The CLUSTER procedure stores the data (including the COPY and ID variables) in memory or, if necessary, on disk. If eigenvalues are computed, the covariance matrix is stored in memory. If the stored distance or sorted distance algorithm is used, the distances are stored in memory or, if necessary, on disk.
With coordinate data, the increase in CPU time is roughly proportional to the number of variables. The VAR statement should list the variables in order of decreasing variance for greatest efficiency.
For both coordinate and distance data, the dominant factor determining CPU time is the number of observations. For density methods with coordinate data, the asymptotic time requirements are somewhere between and , depending on how the smoothing parameter increases. For other methods except EML, time is roughly proportional to . For the EML method, time is roughly proportional to .
PROC CLUSTER runs much faster if the data can be stored in memory and, when the stored distance algorithm is used, if the distance matrix can be stored in memory as well. To estimate the bytes of memory needed for the data, use the following formula and round up to the nearest multiple of d.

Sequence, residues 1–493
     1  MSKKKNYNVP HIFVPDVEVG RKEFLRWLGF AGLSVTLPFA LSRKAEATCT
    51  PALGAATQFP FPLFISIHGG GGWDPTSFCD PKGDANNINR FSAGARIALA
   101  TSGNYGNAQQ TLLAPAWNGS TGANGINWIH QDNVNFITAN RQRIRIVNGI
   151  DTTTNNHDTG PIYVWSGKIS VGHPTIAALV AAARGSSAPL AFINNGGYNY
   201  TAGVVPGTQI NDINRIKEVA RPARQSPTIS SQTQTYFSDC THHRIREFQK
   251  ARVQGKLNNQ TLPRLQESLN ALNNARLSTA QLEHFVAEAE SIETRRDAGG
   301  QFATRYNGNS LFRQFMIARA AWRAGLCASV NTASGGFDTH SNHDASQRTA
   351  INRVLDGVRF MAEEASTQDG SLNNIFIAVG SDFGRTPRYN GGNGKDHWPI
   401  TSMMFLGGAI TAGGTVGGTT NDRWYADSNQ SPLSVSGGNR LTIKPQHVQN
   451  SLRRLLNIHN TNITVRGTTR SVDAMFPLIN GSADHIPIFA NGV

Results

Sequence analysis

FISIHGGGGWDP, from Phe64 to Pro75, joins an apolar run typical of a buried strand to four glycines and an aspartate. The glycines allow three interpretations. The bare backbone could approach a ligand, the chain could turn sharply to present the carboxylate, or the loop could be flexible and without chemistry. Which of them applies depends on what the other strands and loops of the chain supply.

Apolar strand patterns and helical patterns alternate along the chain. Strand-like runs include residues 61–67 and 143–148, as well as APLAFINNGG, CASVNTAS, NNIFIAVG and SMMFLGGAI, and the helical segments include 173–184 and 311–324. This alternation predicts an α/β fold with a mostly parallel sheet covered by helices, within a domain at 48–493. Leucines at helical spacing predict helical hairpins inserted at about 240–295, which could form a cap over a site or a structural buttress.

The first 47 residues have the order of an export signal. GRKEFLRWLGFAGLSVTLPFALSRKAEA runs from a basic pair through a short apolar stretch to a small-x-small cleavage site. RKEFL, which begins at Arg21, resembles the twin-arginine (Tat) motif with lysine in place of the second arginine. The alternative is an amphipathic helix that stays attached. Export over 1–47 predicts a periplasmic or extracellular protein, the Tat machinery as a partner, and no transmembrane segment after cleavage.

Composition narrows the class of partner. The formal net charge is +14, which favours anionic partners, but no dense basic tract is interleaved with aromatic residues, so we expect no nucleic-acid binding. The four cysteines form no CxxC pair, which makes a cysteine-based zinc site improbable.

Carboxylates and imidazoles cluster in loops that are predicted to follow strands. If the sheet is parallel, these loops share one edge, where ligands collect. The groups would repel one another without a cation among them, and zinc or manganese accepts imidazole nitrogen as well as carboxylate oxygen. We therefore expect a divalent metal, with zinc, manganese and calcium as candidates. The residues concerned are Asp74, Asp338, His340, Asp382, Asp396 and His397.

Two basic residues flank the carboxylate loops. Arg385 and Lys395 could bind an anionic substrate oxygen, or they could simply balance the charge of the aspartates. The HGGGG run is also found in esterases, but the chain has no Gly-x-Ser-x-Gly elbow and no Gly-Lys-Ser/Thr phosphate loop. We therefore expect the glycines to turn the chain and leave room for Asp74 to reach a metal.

+ 


+ 
i 
if density estimation or the 

sorted distance algorithm is used 

+ 
3d 
if stored data algorithm is used 

+ 
3d 
if density estimation is used 

+ 
max(8, length of ID variable) 
if ID variable is used 

+ 
length of ID variable 
if ID variable is used 

+ 
sum of lengths of COPY variables) 
if COPY variables is used 
where
n 
is the number of observations 
v 
is the number of variables 
d 
is the size of a C variable of type double. For most computers, d = 8. 
i 
is the size of a C variable of type int. For most computers, i = 4. 
The number of bytes needed for the distance matrix is .